The 3rd District race got a shake-up this week when Scottie Mayfield, president of the eponymous Athens, Tenn. dairy company, announced that he is seriously considering (and, if you ask me, with an emphasis on “seriously”) jumping into the race as a Republican. I take an initial look at the potential impacts in my latest Nooga.com column.
Meanwhile, incumbent U.S. Rep. Chuck Fleischmann showed the first signs of being a candidate for re-election this week by naming Tom Decosimo as campaign treasurer. (Fleischmann’s typical response to inquiries about the race to date, save a professed enjoyment of ice cream sandwiches, has been that he is focused on doing his job serving the people of the district.)
Weston Wamp has generally been quiet of late in the local news media, ever since he gave the Pulse interview. But he was the subject of a feature in venerable Beltway publication The Hill, so there’s that.
Democrats in Hamilton County (the largest in the district) got to meet the two candidates who are vying for the chance to take on the Republican nominee in November. Dr. Mary Headrick and Bill Taylor both focused on the idea that Congress is “broken” and needs to be restocked with individuals who would truly represent their districts.
With all this attention on Fleischmann, Wamp, and Mayfield, the other GOP candidates—Ron Bhalla and Jean Howard-Hill—are struggling to maintain their profiles.
And finally, a few fourth quarter fundraising numbers are out ahead of the reporting deadline. Here are the two leading GOP candidates’ cash-on-hand totals:
Though there is an obvious gap between the frontrunner and the challenger, the two men raised roughly equal amounts during the quarter. Much more information is available on these two campaign finance releases in Chris Carroll’s Times Free Press article.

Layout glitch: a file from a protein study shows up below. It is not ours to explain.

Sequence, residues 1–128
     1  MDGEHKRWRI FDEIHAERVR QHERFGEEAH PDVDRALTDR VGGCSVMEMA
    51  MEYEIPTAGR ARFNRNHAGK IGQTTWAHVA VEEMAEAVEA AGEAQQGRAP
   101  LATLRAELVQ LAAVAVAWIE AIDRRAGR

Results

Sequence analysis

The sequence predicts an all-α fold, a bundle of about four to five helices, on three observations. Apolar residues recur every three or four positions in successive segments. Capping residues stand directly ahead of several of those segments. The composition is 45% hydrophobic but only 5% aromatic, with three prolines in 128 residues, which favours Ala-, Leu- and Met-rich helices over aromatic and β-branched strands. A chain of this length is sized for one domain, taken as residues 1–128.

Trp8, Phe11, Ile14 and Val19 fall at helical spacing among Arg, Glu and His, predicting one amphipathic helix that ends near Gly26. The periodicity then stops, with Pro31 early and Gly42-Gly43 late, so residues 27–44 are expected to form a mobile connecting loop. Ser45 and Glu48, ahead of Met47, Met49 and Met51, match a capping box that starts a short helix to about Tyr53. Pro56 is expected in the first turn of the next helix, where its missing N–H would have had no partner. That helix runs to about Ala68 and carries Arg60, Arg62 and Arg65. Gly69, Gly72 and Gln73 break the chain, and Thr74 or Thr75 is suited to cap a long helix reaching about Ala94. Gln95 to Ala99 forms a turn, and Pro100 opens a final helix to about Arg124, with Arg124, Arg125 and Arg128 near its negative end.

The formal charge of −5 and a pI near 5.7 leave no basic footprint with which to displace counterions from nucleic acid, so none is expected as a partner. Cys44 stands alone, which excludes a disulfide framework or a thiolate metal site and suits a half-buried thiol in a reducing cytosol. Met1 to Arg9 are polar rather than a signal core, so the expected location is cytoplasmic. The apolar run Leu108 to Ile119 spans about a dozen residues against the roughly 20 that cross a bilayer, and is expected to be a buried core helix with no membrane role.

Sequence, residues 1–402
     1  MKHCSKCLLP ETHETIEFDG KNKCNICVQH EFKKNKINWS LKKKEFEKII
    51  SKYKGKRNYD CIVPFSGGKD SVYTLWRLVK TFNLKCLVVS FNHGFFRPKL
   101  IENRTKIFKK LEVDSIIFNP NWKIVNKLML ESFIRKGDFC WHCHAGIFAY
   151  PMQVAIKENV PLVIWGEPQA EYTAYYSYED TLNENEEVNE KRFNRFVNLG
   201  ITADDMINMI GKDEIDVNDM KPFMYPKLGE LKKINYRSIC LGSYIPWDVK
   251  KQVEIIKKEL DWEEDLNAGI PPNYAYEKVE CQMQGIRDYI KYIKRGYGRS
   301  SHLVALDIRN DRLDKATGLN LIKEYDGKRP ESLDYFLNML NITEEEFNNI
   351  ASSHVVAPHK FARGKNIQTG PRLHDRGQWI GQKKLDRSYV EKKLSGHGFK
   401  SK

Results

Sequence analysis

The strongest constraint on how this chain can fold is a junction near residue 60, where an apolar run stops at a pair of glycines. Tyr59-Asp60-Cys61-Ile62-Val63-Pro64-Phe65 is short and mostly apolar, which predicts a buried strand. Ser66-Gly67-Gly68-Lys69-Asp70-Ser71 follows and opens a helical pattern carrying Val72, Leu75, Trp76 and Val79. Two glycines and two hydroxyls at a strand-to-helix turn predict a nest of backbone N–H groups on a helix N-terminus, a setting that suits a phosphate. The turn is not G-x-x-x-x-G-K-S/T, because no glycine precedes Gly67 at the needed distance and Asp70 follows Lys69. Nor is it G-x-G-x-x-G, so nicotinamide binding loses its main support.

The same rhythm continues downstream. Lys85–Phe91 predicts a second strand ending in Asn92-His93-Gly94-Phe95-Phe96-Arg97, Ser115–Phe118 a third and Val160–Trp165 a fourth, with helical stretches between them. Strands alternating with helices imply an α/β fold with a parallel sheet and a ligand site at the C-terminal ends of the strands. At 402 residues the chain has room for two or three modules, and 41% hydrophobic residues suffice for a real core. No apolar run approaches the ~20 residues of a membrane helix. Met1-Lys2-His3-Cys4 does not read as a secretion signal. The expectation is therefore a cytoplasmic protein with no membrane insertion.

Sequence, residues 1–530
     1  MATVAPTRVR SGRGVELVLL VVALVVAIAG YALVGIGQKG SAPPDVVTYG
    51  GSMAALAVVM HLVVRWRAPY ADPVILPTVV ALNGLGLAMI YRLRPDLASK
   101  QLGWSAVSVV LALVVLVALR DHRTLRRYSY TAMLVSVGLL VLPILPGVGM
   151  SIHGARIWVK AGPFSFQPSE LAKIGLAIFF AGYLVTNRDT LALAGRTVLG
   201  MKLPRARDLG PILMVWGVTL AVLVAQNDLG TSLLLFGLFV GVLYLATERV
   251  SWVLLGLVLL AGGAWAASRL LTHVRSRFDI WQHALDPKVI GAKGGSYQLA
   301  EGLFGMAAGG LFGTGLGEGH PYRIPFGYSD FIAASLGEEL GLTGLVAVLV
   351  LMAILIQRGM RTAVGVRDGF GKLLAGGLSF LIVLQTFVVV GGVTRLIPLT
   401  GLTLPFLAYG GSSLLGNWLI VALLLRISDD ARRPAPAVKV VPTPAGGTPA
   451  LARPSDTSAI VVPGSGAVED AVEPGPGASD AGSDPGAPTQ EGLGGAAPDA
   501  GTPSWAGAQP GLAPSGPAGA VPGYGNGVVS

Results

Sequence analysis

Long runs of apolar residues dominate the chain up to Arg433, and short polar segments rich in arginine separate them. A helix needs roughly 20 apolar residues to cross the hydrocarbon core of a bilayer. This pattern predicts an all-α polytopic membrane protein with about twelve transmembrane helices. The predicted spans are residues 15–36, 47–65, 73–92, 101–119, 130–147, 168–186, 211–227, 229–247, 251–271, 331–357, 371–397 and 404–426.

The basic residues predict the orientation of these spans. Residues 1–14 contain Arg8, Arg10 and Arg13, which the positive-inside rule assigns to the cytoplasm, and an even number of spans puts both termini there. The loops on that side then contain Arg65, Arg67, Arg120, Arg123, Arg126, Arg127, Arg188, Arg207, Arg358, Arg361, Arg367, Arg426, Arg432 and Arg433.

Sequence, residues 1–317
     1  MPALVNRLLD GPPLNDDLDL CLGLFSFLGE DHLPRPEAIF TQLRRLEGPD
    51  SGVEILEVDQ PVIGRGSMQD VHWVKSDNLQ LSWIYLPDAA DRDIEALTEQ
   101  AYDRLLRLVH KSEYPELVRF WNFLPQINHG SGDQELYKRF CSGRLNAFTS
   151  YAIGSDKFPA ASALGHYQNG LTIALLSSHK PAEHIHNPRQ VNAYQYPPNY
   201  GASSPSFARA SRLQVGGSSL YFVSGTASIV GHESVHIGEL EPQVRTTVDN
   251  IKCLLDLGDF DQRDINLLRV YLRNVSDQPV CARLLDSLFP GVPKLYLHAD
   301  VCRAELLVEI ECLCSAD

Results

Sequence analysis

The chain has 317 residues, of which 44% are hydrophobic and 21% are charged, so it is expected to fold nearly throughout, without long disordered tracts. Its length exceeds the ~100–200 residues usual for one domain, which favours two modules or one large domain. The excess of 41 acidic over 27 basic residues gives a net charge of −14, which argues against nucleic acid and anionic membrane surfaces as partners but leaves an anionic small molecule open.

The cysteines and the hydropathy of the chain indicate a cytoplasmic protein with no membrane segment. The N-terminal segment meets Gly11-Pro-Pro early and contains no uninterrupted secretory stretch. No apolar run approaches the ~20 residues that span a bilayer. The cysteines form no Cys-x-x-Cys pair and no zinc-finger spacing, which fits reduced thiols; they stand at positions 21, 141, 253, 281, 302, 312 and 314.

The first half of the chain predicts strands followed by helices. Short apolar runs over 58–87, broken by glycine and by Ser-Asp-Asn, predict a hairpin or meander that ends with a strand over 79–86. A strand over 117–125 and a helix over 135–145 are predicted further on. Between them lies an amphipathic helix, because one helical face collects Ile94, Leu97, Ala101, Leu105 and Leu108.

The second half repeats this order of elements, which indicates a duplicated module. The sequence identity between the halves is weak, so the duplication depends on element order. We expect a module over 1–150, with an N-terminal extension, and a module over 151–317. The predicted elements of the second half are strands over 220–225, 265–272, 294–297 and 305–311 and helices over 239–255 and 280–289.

The federal filing deadline for Year-End 2011 is January 31.
As a teaser for the 4th and 8th District roundups (on their way): the Third is shaping up to be the most interesting congressional race in the state by far. In 2010 we had competition with other open seats that changed party hands, but things will be somewhat quieter in those districts this time around. There could be surprises, though. Stay tuned.
Ron Bhalla, the newest candidate to seek the GOP nomination in Tennessee’s Third Congressional District, wants to change how business is done in the U.S. House of Representatives. In an interview on Monday, he said that he would communicate every bill to his constituents, and based on a majority opinion of their responses, would cast his vote as a mere vessel to communicate the district’s will. “I’m going empty-handed,” he said quietly.
Bhalla shuffled quickly through photocopied sketches of how he perceives the current process vs. how he says he will operate, if elected. Stick figures and flowchart shapes depict what Bhalla says is a “disconnect” between an elected representative’s constituents and the votes cast by said representative, while there is a clear connection between the elected official and a combination of lobbyists, the national party, and other powerful interests. On the next page, there is a direct line connecting the constituents to their representative.
When asked how he would avoid becoming yet another well-meaning politician who packs up and heads to the Capitol with the best intentions, only to be sucked into the prevailing political machine, Bhalla smiles. He points to a printed pledge he says that, as signed, will protect against such influence. He also says that since special interests will have no response from him, they will quickly decide he is not worth their efforts.
Instead, the plan is to ask the district’s voters to weigh in on each bill that is up for deliberation. (Various communication solutions are being considered for executing this.) Whatever fifty percent plus one decide, says Bhalla, is how he will vote. His campaign assistant, Ken Orr, quickly added that the only override would be when a bill was clearly unconstitutional.
Votes on pending legislation aren’t the only thing on which Bhalla says he will seek direct input from constituents. He will ask citizens to set his salary, too, “from zero to the full extent” set by Congress, depending on the voters’ assessment of his performance.
Bhalla, who originally hails from India, faces two formidable opponents in Congressman Chuck Fleischmann and the incumbent’s immediate predecessor’s scion, Weston Wamp, both of whom have demonstrated an ability to raise lots of campaign cash. Dr. Jean “Lady J” Howard-Hill is also running for the nomination. Bhalla says he is not aiming to compete for the large donors, adding that he does not want to be a “puppet.”
Chattanooga attorney J.B. Bennett released a statement saying that he is not running. Two other potential candidates still apparently deciding are Savas Kyriakidis and Tres Wittum.